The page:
Security

How Hacking Works

I’m writing this post during the UK Corona virus lockdown in May 2020.  All around the world, scientists and researchers are studying the COVID-19 virus to find out exactly how it works.  And this is just the latest in a rich history of those in the medical profession studying disease to discover how it works.  Once we understand how something works, we can fight against it.  And that’s why we’re going to find out how hacking works today.

Shared Information

The first thing to understand about hackers is that, while some make lots of money from their abilities, most just enjoy the kudos and admiration of their peers.  So one of the first things a black-hat hacker will do when they find a new security weakness is post it to the hacker community.  Once the information it out there, the collective hacking community can start to refine attacks on that weakness.

I said “black-hat hackers” just now, which might be a term you’re not familiar with.  Let me fill you in.

A black-hat hacker is someone who hacks and breaches systems without the permission of the information systems’ owner, and usually has malicious intent.

A white-hat hacker is someone who might be working for the company they’re hacking.  They will have the intention of responsibly disclosing their findings to the relevant party so that these vulnerabilities can be patched and fixed before a black-hat hacker notices the same bug.

And Roger Red-Hat was the dude in the letter land books from when I was little.  He’s probably not a hacker.

Exploit Databases

We talked about the Have I Been Pawned project before in this post.  It’s a big database full of email addresses and other related data collected from hundreds of high profile data breaches.  To be clear, the Have I Been Pawned project is a cyber security tool, and it used by folks like me to help secure systems.  Its maker, Troy Hunt, spends a lot of time and effort to maintain this resource for the good of the information security community.

But there are lots more databases of usernames and passwords, and even credit card information, on the dark web, just waiting to be bought by whoever wants that information.  And it’s not even expensive, even free sometimes!

This highlights what I said about hackers taking the easiest route to be able to breach your system.  And this is why you must never re-use your username and password on different systems.

Easy Peasy

The idea for this blog post came to me as I was writing another security piece, and talking about how it is often good enough to cover the easy things first.  and this describes how hackers operate too.  They’re going to go for the soft targets before they spend too much time and energy on anything more difficult.  And honestly, we’re all the same aren’t we?  I find cloud technology much easier as a day-job than building houses, stacking shelves or any other real job!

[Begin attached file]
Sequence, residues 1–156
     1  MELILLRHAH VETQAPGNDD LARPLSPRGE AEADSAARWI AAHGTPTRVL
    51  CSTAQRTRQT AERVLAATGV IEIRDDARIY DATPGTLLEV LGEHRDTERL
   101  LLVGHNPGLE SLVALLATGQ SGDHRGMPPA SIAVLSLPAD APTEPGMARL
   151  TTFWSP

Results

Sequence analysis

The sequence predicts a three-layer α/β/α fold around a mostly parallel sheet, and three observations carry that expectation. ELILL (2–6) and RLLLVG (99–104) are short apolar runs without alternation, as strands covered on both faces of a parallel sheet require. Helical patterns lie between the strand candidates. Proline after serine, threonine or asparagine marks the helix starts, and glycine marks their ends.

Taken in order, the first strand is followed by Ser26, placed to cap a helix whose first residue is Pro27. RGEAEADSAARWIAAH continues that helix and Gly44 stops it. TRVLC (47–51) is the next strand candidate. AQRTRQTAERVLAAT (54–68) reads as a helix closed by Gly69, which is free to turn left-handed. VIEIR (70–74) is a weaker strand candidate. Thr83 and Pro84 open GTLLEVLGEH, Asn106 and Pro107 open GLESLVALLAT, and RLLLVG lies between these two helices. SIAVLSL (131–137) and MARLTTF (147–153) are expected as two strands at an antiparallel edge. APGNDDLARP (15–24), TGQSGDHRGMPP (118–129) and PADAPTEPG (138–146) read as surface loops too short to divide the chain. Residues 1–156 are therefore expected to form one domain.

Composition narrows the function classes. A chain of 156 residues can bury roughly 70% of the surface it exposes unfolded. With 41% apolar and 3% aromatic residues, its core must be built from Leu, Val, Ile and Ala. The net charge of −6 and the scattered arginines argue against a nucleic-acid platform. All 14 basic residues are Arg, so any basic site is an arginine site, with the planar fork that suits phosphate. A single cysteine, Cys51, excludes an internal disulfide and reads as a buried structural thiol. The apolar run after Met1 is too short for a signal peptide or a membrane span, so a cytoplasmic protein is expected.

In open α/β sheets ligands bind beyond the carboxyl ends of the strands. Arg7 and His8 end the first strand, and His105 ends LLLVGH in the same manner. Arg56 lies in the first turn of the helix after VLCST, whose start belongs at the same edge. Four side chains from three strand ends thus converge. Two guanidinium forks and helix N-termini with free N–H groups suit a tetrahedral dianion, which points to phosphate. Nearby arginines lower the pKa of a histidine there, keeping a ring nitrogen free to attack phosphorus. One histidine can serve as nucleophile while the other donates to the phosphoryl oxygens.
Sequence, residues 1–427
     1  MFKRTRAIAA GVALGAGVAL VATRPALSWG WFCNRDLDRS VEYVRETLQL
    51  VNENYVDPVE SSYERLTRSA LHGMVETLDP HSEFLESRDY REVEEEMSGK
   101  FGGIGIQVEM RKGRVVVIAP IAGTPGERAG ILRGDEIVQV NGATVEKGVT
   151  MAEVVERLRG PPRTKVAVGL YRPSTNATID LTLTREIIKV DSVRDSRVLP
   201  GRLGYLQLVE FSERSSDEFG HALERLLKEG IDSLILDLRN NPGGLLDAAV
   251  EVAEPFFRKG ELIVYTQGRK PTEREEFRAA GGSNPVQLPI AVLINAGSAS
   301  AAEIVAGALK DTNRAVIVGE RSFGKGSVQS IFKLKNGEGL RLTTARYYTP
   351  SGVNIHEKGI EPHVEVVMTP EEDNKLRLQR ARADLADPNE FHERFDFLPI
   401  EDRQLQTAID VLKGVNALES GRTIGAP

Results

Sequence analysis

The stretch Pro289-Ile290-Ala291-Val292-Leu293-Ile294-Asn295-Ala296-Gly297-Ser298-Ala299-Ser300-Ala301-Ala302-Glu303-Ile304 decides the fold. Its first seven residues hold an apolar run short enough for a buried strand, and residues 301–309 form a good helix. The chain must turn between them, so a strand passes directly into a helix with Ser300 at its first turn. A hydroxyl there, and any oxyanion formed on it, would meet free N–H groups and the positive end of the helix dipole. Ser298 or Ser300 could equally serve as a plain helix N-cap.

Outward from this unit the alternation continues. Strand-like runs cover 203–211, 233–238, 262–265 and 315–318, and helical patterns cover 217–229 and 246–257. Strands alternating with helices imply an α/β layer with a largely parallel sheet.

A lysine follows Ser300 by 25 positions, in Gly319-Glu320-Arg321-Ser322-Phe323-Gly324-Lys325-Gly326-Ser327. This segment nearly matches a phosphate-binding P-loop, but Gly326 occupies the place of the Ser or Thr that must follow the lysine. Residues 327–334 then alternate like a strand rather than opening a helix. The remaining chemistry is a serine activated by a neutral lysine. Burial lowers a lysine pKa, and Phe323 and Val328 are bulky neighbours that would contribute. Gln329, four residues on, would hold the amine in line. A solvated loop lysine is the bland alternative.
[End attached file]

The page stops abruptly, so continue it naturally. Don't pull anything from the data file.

With this in mind, it probably won’t surprise you to learn that there are tones of hacking tools available which someone with hardly any knowledge can use.  Metasploit is a hugely popular hacking tool, and if you head to their website, you can download your very own copy for free.  And if you’re stuck, just wander over to YouTube and search for Metasploit.  You’ll be falling over guides on how it all works.

The Weakest Security Link

It’s us.  Humans are so rubbish at information security.  We are so willing to believe the person on the telephone who says they’re from the bank.  Or we don’t quite read that email carefully enough to notice the dodgy link it tries to direct us to.

Attackers know this, and so we’re often the very first thing they try to hack.  There have been countless books written on the subject of social engineering – a subject I find absolutely fascinating.

And this is why we have to be on our guard – there’s no antivirus for us humans!  Ask yourself why someone from the organisation they say they’re from would want to know that information from you.  How do they usually communicate with you?  And what’s in it for you?  If there’s a problem with one of your accounts and someone calls you up about it, could it wait until you look up their organisation’s number and call them back to confirm?

A social engineer doesn’t want to give you the space to think of these things.  They’re too busy trying to misdirect you like a magician on stage.  They want you to think about this while actually saying that.  The information in your head is what they want.  Hacking starts before even touching a computer, but now you know this, you can activate your firewall!

It’s Not Like Hollywood

Apart for Mr Robot – that was actually really close to how life is as an offensive security professional.  But aside from that, it isn’t like in the movies.  Attackers get into systems because people make silly mistakes and leave systems open to attack.  Don’t let it happen to you!

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